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I have recently received a video request on foam rolling, and I realized that I had yet to make a post or video about it.
Foam rolling is a fantastic recovery tool to help you release muscle tension and trigger points. It is generally pretty straightforward, and I do have a detailed video inside the back pain bootcamp for a full body foam rolling tutorial.
In this post, I want to focus on 2 important things you need to keep in mind if you are foam rolling to get relief from lower back pain.
I do encourage you to take a few minutes to watch the video below where I explain the 2 (and very common) mistakes people make when trying to foam roll for lower back pain relief. ESPECIALLY if you are suffering from some disc problem.
PS: I am using the GRID Foam Roller .
Got no time to watch the video? I’m gonna do my best to summarize it below 🙂 but it’s important to watch it when you have time to see the techniques I’m showing you.
2 Foam Rolling Mistakes to Avoid | How to Foam Roll the Glutes Properly
Foam Rolling Mistake #1: Causing more muscle weakness.
Is it possible to make the muscle weaker when foam rolling? yes very possible, if the muscle is already weak and has a tendency to get weaker and longer. For example the glute max.
How to fix this problem: Learn more about muscle anatomy, and how the muscle you want to foam roll look like. Also, check out this amazing blog post by Paul Chek and learn more about which muscles tend to get weaker and long (predominantly phasic muscles). Google search these muscles to see how they look like!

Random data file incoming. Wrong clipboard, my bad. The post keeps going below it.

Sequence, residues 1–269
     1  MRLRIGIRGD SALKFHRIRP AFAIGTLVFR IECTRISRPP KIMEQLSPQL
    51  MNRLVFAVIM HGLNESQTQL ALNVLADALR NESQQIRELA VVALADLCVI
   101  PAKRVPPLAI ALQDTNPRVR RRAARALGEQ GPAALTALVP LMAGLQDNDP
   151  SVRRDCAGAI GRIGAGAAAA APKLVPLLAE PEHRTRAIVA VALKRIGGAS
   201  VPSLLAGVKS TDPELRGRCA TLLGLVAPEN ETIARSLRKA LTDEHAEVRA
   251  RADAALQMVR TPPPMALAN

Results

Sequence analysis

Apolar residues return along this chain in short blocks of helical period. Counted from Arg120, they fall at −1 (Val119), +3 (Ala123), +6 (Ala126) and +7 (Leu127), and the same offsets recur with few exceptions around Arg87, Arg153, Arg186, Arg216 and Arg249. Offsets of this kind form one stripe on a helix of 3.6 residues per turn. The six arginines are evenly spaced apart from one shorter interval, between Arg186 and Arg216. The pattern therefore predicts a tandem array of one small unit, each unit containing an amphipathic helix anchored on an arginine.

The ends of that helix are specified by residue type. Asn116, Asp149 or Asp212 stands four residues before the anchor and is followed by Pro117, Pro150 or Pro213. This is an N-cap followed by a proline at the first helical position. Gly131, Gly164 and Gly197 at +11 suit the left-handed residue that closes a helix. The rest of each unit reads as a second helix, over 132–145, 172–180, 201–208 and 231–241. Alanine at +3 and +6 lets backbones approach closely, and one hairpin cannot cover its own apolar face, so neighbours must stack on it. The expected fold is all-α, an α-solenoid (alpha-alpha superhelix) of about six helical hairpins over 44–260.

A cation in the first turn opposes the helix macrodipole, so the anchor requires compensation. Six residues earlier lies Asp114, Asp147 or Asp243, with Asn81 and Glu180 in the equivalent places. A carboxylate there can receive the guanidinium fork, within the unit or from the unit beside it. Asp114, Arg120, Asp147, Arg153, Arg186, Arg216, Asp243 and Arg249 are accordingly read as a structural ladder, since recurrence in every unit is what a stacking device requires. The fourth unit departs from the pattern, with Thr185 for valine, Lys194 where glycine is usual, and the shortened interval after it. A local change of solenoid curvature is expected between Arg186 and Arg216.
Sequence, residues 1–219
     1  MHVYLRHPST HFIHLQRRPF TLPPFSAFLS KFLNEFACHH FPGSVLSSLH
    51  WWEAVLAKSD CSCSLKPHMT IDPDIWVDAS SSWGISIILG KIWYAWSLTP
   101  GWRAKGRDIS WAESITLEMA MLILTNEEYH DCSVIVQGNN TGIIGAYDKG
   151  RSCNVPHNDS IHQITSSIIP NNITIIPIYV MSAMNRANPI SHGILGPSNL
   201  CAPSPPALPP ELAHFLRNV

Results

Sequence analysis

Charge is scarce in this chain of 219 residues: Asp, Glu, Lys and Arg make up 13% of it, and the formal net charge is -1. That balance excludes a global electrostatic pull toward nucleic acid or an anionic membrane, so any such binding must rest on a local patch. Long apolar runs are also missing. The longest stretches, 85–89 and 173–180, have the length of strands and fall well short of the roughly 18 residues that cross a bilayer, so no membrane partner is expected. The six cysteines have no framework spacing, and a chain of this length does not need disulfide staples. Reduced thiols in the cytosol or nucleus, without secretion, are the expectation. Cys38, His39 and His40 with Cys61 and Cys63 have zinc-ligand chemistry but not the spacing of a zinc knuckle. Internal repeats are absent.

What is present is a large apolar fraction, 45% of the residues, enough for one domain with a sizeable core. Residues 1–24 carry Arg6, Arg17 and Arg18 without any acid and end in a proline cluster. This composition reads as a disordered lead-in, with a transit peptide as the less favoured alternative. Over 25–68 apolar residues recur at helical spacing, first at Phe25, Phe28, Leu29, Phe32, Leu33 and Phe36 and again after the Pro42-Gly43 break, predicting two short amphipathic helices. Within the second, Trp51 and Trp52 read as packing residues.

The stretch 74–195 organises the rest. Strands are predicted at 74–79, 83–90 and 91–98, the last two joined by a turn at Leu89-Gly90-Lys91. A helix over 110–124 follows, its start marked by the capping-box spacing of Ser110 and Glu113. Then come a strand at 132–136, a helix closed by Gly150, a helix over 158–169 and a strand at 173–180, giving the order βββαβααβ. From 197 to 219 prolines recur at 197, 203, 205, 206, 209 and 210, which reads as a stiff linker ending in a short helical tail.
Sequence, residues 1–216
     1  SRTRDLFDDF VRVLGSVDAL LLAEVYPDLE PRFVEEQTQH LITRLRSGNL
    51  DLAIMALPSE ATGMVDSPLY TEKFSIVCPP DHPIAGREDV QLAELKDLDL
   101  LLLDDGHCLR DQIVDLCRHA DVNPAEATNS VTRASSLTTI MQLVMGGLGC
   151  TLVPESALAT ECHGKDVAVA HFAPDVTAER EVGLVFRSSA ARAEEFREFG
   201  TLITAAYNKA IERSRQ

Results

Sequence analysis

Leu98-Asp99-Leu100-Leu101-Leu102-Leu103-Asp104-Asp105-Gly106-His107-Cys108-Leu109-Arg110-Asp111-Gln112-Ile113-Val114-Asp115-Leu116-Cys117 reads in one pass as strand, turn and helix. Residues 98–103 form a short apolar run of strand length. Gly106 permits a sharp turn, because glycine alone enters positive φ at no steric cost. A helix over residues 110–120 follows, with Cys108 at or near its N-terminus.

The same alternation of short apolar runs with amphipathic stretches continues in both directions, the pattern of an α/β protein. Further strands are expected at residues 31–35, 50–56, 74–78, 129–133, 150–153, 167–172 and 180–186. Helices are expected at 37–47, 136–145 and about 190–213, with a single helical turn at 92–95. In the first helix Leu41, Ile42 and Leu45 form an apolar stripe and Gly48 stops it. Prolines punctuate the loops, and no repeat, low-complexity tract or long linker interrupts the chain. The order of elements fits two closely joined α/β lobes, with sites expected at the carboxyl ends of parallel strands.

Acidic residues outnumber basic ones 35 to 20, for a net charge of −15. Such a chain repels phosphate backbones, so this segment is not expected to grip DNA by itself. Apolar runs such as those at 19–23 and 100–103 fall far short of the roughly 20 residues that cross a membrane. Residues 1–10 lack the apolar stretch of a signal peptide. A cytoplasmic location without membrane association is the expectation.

When foam rolling these muscles, try to go against the direction of the muscle fibers. You will be able to target the trigger points without further elongating the muscle (hence causing more weakness).
Predominantly tonic muscles have a tendency to get tight and short. By following the direction of the muscle fibers as you roll, you help create some balance in these muscles, since they are more prone to tightness and shortening.
Foam Rolling Mistakes #2: Foam Rolling your Lower Back
Foam rolling the thoracic spine (upper and mid back) is a great way to open up your chest and release the upper back muscles. We need that extension to balance out the rounded shoulders position we are in most of the time. Your upper back is protected by the rib cage.
If you look at the human spine, we already have that S-shaped curve. So when you are laying your lower back on a foam roller, you are:
1: creating even more anterior pelvic tilt (hyperlordosis).
2: There is no bone structure (the rib cage) protecting that area. So if you have a disc problem you may be contributing to more damage.
If you have lower back pain, you should almost always look somewhere else for the source of that pain. Most of the time, the pain is originating someplace else. This is called referred pain.
There are many other things you can do to help you get lower back relief: targeting the hip flexors with a massage ball, strengthening the core and the glutes, correcting your posture, releasing the upper back and lats, and also working on reducing inflammation through proper nutrition and holistic lifestyle.
You should also work on investigating the pain, so you can figure out exactly what’s up, and channel your treatments to fixing the source of the problem.
I hope that you found this post helpful! Oh and if you enjoyed the video, don’t forget to subscribe to my youtube channel so you don’t miss any weekly videos 🙂